Postgraduate taught 

Environment & Sustainable Development MSc

Theory And Principles Of Sustainability ECON5032

  • Academic Session: 2021-22
  • School: Adam Smith Business School
  • Credits: 20
  • Level: Level 5 (SCQF level 11)
  • Typically Offered: Semester 1
  • Available to Visiting Students: No
  • Available to Erasmus Students: No

Short Description

Economic activity takes place within the confines of the environment and it is now increasingly recognised that ecological constraints are starting to make themselves felt. This course explores the history of concerns over carrying capacity and various approaches to its measurement; the concept of sustainability and the relationship this has to the finite nature of our planet; the feasibility and ecological coherence of conventional economic ideas of growth and some of the key insights from the physical sciences, specifically thermodynamics. In addition, it presents some of the formal economic analysis relating to the optimal use / depletion of natural resources and the basic economic theory relating to pollution externalities and the options for regulation. On successful completion of the course, students should be able to identify different categories of resources; appreciate and analyse the implications of a closed thermodynamic system for economic activity; explain the reasons for both historical and current concerns over resource limitations; discuss differing interpretations of the concept of sustainability and recognise the key implications for development; demonstrate an appreciation of the standard economic theory of natural resource economics and its limitations; and comment critically on the feasibility of 'Sustainable Development'.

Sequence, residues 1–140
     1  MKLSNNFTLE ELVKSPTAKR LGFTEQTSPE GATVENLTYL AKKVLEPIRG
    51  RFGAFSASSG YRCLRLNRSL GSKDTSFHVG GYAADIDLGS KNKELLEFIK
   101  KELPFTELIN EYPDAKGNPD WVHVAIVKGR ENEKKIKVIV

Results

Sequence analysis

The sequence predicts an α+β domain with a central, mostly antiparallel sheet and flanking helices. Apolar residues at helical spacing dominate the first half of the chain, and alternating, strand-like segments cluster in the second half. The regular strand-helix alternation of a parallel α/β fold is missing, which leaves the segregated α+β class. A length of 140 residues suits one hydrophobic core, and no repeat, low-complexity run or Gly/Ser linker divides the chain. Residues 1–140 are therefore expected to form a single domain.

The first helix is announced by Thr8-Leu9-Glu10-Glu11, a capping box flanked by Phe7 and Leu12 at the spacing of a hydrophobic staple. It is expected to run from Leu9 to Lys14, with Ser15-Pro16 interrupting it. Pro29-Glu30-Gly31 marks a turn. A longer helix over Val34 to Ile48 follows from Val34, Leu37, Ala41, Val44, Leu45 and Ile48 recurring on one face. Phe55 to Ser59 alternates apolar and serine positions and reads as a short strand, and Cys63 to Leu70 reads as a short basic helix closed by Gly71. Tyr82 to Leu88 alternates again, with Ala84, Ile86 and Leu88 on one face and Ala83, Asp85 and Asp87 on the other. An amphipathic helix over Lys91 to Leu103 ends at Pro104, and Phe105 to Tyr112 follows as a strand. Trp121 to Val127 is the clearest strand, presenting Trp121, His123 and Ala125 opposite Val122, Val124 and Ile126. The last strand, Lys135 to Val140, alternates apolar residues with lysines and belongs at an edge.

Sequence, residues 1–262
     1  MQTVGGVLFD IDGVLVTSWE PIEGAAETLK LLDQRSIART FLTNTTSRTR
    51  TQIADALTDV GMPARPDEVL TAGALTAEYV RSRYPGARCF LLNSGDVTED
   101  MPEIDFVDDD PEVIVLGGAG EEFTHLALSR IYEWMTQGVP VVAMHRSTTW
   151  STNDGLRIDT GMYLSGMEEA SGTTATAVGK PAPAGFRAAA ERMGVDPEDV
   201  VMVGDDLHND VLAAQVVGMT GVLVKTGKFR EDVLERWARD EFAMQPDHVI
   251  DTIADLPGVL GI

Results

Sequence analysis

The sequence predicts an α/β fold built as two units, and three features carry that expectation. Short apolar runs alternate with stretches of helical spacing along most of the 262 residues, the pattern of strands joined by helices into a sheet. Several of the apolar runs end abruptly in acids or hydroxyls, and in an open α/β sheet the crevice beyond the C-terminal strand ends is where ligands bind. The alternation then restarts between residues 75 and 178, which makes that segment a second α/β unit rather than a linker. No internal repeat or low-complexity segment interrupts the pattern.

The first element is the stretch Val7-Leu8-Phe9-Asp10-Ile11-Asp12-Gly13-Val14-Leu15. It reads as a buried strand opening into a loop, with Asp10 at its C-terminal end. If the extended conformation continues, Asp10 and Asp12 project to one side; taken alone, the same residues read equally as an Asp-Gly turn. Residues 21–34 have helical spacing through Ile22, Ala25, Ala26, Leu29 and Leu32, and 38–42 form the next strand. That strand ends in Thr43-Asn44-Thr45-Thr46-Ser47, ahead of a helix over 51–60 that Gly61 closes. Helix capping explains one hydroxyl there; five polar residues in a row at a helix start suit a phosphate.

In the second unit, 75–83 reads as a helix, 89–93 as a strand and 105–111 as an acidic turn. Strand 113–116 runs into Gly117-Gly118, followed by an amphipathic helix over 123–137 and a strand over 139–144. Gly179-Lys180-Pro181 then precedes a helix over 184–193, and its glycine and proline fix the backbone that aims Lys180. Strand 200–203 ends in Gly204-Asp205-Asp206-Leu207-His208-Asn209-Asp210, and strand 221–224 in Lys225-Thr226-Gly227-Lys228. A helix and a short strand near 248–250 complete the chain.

Timetable

10 weekly lectures of 2 hours each.

Assessment

Coursework: essay (25% of final grade for course)

Examination: two-hour end-of-course examination (75% of final grade for course).

Main Assessment In: December

Course Aims

a) To explain the background and history of concerns over carrying capacity and examine various approaches to its measurement.

b) To explore how we should interpret the concept of sustainability and the relationship this has to the finite nature of our planet.

c) To examine the feasibility and ecological coherence of conventional economic ideas of growth and to familiarise students with some of the key insights from the physical sciences, specifically thermodynamics.

d) To present some of the formal economic models relating to the optimal use/depletion of natural resources.

e) To demonstrate the basic economic theory relating to pollution externalities and the options for regulation.

f) To provide an opportunity to explore a relevant theme via the essay.

Intended Learning Outcomes of Course

Students should be able to :

 

a) Identify different categories of resources and analyse the implications of a closed thermodynamic system for economic activity.

b) Explain the reasons for both historical and current concerns over resource limitations.

c) Discuss differing interpretations of the concept of sustainability (eg. strong vs. weak) and recognise the key implications for development.

d) Demonstrate a familiarity with the standard economic theory of natural resource economics and an appreciation of its limitations.

e) Comment critically on the feasibility of 'Sustainable Development'.

Minimum Requirement for Award of Credits

Students must submit at least 75% by weight of the components (including examinations) of the course's summative assessment.